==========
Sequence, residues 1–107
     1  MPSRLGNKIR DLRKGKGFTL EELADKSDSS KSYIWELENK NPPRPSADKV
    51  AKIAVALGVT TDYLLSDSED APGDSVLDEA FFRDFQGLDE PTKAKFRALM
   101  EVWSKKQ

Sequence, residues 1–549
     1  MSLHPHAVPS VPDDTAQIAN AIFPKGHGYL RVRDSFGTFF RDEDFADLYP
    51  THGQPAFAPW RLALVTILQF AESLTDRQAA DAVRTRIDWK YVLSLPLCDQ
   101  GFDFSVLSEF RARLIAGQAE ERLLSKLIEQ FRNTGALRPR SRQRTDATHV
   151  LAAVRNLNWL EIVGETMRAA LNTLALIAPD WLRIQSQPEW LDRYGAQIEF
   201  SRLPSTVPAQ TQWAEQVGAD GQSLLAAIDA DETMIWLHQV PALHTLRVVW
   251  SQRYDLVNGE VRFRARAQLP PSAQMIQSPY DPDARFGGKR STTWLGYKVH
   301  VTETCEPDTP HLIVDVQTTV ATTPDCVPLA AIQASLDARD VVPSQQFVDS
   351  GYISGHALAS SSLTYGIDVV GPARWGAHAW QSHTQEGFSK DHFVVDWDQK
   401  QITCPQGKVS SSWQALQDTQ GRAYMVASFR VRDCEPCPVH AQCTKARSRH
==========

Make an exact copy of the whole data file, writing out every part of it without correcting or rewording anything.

Sequence, residues 1–107
     1  MPSRLGNKIR DLRKGKGFTL EELADKSDSS KSYIWELENK NPPRPSADKV
    51  AKIAVALGVT TDYLLSDSED APGDSVLDEA FFRDFQGLDE PTKAKFRALM
   101  EVWSKKQ

Sequence, residues 1–549
     1  MSLHPHAVPS VPDDTAQIAN AIFPKGHGYL RVRDSFGTFF RDEDFADLYP
    51  THGQPAFAPW RLALVTILQF AESLTDRQAA DAVRTRIDWK YVLSLPLCDQ
   101  GFDFSVLSEF RARLIAGQAE ERLLSKLIEQ FRNTGALRPR SRQRTDATHV
   151  LAAVRNLNWL EIVGETMRAA LNTLALIAPD WLRIQSQPEW LDRYGAQIEF
   201  SRLPSTVPAQ TQWAEQVGAD GQSLLAAIDA DETMIWLHQV PALHTLRVVW
   251  SQRYDLVNGE VRFRARAQLP PSAQMIQSPY DPDARFGGKR STTWLGYKVH
   301  VTETCEPDTP HLIVDVQTTV ATTPDCVPLA AIQASLDARD VVPSQQFVDS
   351  GYISGHALAS SSLTYGIDVV GPARWGAHAW QSHTQEGFSK DHFVVDWDQK
   401  QITCPQGKVS SSWQALQDTQ GRAYMVASFR VRDCEPCPVH AQCTKARSRH